Insulae de los Galopegos
The first confirmed visitors to the Islands were the Spanish exploring their newly-conquered territories. Bishop Tomás de Berlanga washed up there in 1535 en route from Panama to Peru. The Bishop and his shipmates were not impressed. He said the islands were worthless and barren.
Nevertheless, Berlanga’s description of iguanas, sea lions, and tortoises was disseminated far and wide. He was especially attracted to the tortoises. The ones he saw were of the saddle-backed variety, and so he nicknamed them “Galapagos” after a certain type of saddle popular during that era. This was soon the name that became associated with the islands.
When Flemish mapmaker Abraham Ortelius published his Atlas in 1570, he referred to the islands as “Insulae de “Los Galopegos”,” or “Islands of the Saddle-backs.” The Islands have been referred to as “Galapagos” ever since.
The Enchanted Isles
Other names are commonly used to refer to the archipelago. The most famous one is “the Enchanted Isles.” This name also dates back to the colonial period. As Spanish sailors approached the islands, the treacherous currents and the swirling mists caused them to frequently lose sight of islands right in front of them earning them the title “enchanted.” Although enchanted places were considered menacing and ominous back then, it sounds a lot nicer today!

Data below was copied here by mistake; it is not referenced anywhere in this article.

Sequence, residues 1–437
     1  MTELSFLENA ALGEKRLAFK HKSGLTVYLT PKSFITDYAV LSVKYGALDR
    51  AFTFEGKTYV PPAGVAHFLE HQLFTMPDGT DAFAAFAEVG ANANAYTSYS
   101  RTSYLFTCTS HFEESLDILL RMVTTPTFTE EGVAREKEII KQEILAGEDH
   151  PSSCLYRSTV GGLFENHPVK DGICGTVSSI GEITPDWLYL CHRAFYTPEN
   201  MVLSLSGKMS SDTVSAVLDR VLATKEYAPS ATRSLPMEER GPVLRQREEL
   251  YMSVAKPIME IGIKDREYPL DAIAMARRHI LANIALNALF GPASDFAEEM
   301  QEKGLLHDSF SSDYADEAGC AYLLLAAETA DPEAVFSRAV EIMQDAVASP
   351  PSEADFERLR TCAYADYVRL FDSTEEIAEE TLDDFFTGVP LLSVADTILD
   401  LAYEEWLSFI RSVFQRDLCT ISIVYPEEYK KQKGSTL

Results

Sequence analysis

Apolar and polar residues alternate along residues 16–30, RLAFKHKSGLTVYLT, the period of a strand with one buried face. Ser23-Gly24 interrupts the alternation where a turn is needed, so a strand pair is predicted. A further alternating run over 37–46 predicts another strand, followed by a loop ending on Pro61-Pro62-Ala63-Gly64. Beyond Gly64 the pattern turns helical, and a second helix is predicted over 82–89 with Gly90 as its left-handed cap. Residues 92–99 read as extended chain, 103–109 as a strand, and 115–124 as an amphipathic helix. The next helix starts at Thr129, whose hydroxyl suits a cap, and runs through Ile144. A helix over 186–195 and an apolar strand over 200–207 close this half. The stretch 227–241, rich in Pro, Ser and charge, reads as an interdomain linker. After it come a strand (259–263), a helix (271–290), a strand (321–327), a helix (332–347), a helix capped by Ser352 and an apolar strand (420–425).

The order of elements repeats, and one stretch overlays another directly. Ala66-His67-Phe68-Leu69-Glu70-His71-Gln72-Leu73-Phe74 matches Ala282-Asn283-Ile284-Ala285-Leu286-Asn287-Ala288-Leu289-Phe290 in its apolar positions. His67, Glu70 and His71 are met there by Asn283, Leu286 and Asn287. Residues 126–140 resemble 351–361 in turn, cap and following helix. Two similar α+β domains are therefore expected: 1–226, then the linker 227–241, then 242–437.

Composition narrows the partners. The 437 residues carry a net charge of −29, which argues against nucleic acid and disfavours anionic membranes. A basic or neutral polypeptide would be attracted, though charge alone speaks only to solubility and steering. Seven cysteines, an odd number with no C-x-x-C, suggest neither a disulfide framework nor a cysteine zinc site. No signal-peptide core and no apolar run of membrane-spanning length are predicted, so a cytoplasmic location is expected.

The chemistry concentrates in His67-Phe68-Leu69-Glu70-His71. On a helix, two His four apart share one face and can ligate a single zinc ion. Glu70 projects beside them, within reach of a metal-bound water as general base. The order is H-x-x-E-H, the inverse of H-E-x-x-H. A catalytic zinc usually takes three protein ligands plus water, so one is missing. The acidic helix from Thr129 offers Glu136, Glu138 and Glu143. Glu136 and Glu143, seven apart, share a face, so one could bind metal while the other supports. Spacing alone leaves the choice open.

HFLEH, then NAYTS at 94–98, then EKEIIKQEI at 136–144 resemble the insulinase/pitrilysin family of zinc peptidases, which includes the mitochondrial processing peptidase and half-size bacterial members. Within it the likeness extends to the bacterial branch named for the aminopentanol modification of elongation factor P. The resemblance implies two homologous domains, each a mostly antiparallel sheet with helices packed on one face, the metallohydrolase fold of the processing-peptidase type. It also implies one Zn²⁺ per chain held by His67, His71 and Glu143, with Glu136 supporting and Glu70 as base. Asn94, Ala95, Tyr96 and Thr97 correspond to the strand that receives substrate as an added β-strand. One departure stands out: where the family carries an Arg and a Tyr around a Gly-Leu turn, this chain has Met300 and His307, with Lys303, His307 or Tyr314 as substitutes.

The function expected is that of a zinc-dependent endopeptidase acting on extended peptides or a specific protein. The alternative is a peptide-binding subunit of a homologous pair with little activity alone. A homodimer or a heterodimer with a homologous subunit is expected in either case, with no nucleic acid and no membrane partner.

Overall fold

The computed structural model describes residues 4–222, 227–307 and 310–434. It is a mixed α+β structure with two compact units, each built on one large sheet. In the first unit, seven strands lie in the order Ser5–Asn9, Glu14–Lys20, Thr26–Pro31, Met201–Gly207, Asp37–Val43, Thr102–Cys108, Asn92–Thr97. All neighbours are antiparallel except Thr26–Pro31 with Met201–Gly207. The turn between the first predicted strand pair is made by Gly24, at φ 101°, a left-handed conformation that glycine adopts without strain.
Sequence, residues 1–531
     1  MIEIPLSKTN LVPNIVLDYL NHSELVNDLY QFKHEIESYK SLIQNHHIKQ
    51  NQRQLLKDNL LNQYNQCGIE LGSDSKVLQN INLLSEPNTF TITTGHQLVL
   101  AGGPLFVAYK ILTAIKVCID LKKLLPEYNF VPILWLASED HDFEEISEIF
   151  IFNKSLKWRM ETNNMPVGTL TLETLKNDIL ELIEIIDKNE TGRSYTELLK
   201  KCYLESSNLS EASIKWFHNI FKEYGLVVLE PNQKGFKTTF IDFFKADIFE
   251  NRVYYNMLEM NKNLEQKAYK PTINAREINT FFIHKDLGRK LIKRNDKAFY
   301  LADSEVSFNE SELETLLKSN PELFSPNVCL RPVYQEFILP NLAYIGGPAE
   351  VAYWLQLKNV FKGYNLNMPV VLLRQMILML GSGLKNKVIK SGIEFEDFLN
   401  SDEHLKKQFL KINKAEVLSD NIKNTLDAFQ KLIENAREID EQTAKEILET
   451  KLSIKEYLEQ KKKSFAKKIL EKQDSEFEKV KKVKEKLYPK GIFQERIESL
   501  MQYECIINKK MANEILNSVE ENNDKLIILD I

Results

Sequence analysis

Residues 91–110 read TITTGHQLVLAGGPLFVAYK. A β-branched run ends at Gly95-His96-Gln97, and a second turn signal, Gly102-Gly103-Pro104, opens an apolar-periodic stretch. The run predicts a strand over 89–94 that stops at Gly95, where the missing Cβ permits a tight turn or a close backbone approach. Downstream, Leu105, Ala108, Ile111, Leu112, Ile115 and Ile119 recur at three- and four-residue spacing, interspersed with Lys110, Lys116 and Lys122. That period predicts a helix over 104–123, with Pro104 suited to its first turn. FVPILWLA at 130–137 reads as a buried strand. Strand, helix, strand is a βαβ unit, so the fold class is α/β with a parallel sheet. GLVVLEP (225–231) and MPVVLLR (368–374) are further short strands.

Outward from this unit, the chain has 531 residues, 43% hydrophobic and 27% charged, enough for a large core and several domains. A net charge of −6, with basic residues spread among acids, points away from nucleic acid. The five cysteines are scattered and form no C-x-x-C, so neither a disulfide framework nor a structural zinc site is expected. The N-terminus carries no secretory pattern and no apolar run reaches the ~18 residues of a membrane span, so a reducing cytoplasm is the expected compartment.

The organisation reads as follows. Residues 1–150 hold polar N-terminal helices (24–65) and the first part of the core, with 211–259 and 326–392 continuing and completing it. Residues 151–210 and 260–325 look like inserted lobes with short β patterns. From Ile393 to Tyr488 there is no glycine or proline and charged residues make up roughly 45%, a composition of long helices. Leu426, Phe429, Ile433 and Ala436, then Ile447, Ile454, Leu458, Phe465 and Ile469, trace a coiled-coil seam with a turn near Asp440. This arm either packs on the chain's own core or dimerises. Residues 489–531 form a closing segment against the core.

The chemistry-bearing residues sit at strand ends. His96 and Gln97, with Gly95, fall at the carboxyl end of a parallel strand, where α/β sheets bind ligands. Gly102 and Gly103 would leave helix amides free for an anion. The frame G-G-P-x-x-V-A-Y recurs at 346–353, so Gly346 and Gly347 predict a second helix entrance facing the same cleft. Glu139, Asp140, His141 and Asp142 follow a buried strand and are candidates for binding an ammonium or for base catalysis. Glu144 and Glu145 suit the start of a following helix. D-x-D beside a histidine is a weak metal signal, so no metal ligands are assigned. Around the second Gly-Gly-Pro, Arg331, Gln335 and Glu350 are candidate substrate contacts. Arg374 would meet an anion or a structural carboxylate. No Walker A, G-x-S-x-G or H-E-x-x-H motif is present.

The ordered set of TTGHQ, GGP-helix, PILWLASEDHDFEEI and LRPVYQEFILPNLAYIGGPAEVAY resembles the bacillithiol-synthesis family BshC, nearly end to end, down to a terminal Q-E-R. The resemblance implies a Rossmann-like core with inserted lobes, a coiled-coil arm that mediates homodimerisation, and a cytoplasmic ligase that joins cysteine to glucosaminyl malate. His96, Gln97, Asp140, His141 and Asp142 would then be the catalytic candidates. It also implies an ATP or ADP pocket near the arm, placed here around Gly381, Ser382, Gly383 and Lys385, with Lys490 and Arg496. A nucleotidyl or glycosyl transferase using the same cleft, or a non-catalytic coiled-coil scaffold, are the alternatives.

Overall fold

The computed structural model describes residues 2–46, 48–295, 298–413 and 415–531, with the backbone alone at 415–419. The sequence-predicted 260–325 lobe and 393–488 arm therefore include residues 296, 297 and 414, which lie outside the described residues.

The Archipelago of Columbus
According to the Republic of Ecuador, the official name of the Galapagos Islands is the “Archipiélago de Colón” or the Archipelago of Columbus. This odd name dates back to 1892 when the world was gripped with the 400th-anniversary celebration of Christopher Columbus’ famous voyage of discovery.
It’s a bit absurd since Columbus never got anywhere near the islands. Nevertheless, the “Archipelago of Columbus” became the official name. Many of the islands have individual names that reflect Columbus and his voyage. Isabela Island is named for Queen Isabela of Spain and San Cristóbal Island (St. Christopher) is in honor of Columbus himself.